Equilibrium and Center of Gravity problem

In summary, the conversation discusses the problem of finding the tension in a tendon attached to the lower leg when the leg is extended at a certain angle and subject to certain forces. The conversation also mentions the use of torque equations and the consideration of the length of the leg in the calculations.
  • #1
p0ke
3
0
I'm having some trouble finding a definitive answer for this problem of my physics lab.

The large quadricep muscles in the upper leg terminate at the lower end in a tendon attached to the upper end of the tibia. The force on the lower leg when the leg is extended are modeled below (attached jpg), where T is the tension in the tendon, w is the force of gravity acting on the lower leg, and F is the weight of the foot. Find T when the tendon is at an angle of 20 degrees with the tibia, assuming that w = 180N, F = 30.0 N, and the leg is extended at an angle of 45.0 degrees with the vertical. Assume that the center of gravity of the lower leg is at its center, and that the tendon attaches to the lower leg at a point one fifth of the way down the leg.

I've been looking through some examples to try to come up with a general idea, but this problem seems somewhat different as no lengths or distances are given except that the tendon attaches 1/5 down the leg. So far, I've found forces in x and y components to get

SUMFx = Tx + wx + Fx = 0
to get Tx = 0.
Then in y direction, I'm not sure if i can do this but i found
Tsin65 - 180 - 30 = 0
to get T = 231.7.

Knowing that this is supposed to be a torque-related problem I also used SUMt = tT + tw + tF = 0. Then tT = rTTsinθ. This is where I am stuck. How would I use the torque equilibrium equation if I am not given any distances? Any hints or suggestions would be really helpful!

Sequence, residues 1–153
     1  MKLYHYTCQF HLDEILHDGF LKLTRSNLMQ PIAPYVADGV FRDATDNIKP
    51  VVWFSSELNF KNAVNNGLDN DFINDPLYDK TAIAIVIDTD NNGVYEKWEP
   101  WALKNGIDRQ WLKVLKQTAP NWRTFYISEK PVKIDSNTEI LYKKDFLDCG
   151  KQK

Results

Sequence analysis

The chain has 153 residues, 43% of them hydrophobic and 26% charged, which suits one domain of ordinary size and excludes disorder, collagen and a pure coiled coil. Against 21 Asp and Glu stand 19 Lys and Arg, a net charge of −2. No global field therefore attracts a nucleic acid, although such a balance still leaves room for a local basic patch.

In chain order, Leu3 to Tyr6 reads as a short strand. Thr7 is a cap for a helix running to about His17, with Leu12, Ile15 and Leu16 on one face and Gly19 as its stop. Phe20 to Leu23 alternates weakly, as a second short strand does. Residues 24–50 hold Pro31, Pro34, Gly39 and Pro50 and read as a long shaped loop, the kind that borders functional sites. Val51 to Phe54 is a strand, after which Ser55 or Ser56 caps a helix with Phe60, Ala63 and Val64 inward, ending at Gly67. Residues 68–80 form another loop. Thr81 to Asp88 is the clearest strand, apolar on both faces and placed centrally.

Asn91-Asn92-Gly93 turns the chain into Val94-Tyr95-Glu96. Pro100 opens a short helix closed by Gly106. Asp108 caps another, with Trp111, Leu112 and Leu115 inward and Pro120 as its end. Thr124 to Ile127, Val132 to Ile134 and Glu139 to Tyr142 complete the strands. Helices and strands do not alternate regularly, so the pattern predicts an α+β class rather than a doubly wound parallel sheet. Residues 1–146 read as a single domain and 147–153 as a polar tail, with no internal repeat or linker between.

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  • #2
Welcome to PF p0ke.

The length of the leg will appear in the calculation of all three torques. So you can cancel it out in "the sum of the torques = to zero". You can then take moments about the knee (pivot point) taking [tex]l[/tex] as the length of the tibia, which then cancels in the equation. The only unknown in the torque equation will then be the tension in the muscle. So you only need to consider this equation. There will also be a reaction force at the knee acting on the tibia, which need not be included in the torque equation if you take the torques about the knee.
 
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  • #3


I would suggest approaching this problem by first drawing a free body diagram of the lower leg. This will help visualize the forces acting on the leg and determine the direction of these forces. From the given information, we know that the force of gravity (w) and the weight of the foot (F) act downwards, and the tension in the tendon (T) acts upwards at an angle of 20 degrees with the tibia.

Next, we can use the equations for force and torque equilibrium to solve for the unknown tension (T). In the x-direction, we have:

Tx - wx - Fx = 0